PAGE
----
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A comprehensive scholarly, multi-disciplinary full-text database, with full-text periodicals, peer-reviewed journals, monographs, reports, conference proceedings, etc. It features PDF content going back as far as 1887.
Education resources from the Department of Education: Bibliographic records for: journal articles, books, research syntheses, conference papers, technical reports, policy papers, and other education-related materials. If available, links to fulltext
This full-text database covers a wide variety of subjects, including information on specific diseases as well as overall health topics. Subjects include fitness, nutrition, diabetes, aging, women's health, children's health and more.
Full text journals, many back to the original issue. Provides access to journals in the arts & sciences, business, ecology & botany, and languages & literature. JSTOR's coverage typically begins 3 -5 years after the current year.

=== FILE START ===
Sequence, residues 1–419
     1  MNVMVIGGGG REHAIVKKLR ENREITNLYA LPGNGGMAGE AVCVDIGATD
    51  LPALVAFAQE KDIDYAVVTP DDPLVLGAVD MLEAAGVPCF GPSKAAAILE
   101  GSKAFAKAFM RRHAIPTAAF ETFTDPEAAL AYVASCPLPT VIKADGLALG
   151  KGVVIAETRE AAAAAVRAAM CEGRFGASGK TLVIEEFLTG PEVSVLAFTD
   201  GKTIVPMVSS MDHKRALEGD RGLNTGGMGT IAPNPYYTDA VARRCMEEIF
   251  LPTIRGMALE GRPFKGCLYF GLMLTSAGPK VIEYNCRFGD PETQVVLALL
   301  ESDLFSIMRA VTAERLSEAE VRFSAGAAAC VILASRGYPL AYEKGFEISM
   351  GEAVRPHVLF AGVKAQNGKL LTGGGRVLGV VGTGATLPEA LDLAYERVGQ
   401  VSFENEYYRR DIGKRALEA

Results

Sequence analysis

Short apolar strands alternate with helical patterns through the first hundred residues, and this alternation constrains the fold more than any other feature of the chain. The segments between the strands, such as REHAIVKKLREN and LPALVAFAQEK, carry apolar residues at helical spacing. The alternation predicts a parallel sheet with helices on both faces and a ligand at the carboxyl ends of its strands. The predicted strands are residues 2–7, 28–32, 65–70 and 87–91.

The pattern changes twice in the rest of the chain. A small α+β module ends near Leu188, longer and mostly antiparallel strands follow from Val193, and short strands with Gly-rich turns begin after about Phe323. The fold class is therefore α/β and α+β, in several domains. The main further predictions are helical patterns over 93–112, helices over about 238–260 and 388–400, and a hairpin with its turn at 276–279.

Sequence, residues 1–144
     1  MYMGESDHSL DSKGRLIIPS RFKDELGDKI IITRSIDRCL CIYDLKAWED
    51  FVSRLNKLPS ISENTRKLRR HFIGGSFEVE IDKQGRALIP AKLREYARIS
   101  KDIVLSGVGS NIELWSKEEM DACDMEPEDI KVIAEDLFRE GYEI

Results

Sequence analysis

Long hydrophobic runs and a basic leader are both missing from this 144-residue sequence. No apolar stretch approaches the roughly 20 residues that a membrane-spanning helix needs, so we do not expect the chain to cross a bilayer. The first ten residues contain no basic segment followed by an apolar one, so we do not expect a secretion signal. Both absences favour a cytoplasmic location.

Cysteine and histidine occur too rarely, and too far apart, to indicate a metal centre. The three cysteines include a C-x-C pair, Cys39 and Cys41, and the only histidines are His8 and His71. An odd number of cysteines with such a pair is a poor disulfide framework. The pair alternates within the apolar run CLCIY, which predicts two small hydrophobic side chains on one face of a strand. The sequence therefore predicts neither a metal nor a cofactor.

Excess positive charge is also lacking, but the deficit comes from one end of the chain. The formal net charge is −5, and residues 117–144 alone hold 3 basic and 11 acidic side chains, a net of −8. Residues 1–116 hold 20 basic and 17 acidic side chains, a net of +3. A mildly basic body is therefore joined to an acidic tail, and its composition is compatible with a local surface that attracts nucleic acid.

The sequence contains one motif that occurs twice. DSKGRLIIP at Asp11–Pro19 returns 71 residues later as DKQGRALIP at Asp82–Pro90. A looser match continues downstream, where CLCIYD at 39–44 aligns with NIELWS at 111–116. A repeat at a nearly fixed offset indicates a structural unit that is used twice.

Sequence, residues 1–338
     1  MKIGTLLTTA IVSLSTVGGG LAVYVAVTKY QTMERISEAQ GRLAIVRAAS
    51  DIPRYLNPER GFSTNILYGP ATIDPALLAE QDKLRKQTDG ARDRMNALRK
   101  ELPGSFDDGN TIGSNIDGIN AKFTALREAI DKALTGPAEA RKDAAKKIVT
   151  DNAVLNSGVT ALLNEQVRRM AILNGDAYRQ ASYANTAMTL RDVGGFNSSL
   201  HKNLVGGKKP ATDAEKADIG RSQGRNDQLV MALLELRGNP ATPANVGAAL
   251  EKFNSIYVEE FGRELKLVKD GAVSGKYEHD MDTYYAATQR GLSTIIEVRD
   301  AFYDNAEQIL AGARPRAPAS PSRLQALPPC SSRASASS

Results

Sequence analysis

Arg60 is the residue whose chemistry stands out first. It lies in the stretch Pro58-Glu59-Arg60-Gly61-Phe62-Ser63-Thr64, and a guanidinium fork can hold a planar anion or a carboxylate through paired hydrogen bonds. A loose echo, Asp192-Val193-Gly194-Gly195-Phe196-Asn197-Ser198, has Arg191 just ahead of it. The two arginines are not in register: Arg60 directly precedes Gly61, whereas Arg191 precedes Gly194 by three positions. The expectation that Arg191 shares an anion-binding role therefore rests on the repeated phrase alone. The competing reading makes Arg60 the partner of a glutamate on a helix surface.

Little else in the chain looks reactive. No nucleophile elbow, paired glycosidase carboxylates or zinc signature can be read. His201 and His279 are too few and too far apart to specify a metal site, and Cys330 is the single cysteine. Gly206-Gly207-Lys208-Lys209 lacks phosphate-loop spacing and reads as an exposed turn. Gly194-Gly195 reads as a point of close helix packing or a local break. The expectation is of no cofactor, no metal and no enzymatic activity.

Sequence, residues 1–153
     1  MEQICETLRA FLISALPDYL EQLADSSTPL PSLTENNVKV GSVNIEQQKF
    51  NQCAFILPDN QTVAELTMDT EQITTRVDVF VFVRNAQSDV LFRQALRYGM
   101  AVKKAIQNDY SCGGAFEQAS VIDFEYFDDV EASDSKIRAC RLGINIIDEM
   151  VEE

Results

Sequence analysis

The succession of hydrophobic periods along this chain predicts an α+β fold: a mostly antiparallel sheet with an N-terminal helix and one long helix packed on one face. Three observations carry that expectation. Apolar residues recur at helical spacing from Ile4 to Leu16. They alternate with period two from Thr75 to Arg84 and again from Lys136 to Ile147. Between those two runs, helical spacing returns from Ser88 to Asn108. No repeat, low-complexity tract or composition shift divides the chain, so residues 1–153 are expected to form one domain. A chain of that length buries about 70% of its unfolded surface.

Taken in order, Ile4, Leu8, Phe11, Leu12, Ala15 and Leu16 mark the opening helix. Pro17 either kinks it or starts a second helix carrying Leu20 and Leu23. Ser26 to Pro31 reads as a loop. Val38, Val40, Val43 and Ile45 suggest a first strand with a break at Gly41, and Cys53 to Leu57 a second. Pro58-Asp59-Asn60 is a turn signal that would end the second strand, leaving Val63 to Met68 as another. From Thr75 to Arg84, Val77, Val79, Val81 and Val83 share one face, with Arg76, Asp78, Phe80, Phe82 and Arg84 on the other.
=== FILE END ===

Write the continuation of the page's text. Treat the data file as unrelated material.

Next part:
Provides cover-to-cover full text for more than 70 national (U.S.) and international newspapers including the Christian Science Monitor, USA Today, The Washington Post, The Washington Times, The Times (London), Toronto Star, etc. and television & radio news transcripts from CBS News, CNN, CNN International, FOX News, NPR, etc. The database also contains selective full text for more than 330 regional (U.S.) newspapers.
Contains full text of articles from over 2,500 publications, and indexing and abstracts from nearly 3,600 publications, supporting research in all core undergraduate subjects and for cross-disciplinary work.
This journal communicates exciting advances in brain research, serves as a voice for the global neuroscience community, and highlights the contribution of neuroscientific research to medicine and society.